A team of researchers at Penn State has reported the design and fabrication of a long-term stable and highly sensitive flexible electrochemical sensor based on nanocomposite-modified porous graphene by facile laser treatment for detecting biomarkers such as glucose in sweat.
The laser-reduced and patterned stable conductive nanocomposite on the porous graphene electrode provides the resulting glucose sensor with an excellent sensitivity of 1317.69 µA mm−1 cm−2 and an ultra-low limit of detection of 0.079 µm. The sensor can also detect pH and exhibit extraordinary stability to maintain more than 91% sensitivity over 21 days in ambient conditions. Taken together with a temperature sensor based on the same material system, the dual glucose and pH sensor integrated with a flexible microfluidic sweat sampling network further results in accurate continuous on-body glucose detection calibrated by the simultaneously measured pH and temperature.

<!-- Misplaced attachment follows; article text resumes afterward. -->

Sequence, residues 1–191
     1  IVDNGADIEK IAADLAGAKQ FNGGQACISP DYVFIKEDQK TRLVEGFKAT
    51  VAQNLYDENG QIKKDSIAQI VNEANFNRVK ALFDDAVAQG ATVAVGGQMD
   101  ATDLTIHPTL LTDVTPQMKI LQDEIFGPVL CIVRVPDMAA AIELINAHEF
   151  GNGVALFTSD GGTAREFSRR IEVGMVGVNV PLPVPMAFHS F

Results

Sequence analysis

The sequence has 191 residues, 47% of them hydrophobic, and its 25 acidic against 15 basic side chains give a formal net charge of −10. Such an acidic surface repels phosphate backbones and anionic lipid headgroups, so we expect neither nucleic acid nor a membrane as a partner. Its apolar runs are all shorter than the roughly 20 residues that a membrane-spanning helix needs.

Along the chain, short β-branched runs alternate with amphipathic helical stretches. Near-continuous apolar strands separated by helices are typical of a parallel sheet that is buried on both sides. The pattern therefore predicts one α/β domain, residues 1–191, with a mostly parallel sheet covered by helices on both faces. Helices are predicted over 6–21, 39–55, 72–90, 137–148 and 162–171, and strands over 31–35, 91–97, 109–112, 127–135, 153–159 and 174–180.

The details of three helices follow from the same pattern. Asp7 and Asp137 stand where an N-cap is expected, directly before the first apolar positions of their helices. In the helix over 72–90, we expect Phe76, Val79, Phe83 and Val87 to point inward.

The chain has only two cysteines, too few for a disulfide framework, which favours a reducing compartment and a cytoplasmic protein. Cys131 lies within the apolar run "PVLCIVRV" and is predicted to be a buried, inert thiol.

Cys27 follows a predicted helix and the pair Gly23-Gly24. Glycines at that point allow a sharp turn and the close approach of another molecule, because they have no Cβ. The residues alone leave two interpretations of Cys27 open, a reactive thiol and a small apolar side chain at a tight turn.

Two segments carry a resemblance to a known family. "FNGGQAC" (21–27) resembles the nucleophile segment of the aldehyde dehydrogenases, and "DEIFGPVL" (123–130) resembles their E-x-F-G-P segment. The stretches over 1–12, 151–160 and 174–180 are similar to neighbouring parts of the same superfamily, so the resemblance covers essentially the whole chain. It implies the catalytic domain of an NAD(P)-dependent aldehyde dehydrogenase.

The low-cost, highly sensitive, and long-term stable platform could facilitate the early identification and continuous monitoring of different biomarkers for non-invasive disease diagnosis and treatment evaluation.
The researchers said sweat is a rich source of biomarkers, which are substances that indicate the state of health or disease in the body. However, measuring biomarkers in sweat is not easy, as they are present in very low concentrations and vary depending on factors such as exercise, diet, and environment. Previous sweat sensors have faced limitations such as low sensitivity, limited surface area, and poor stability.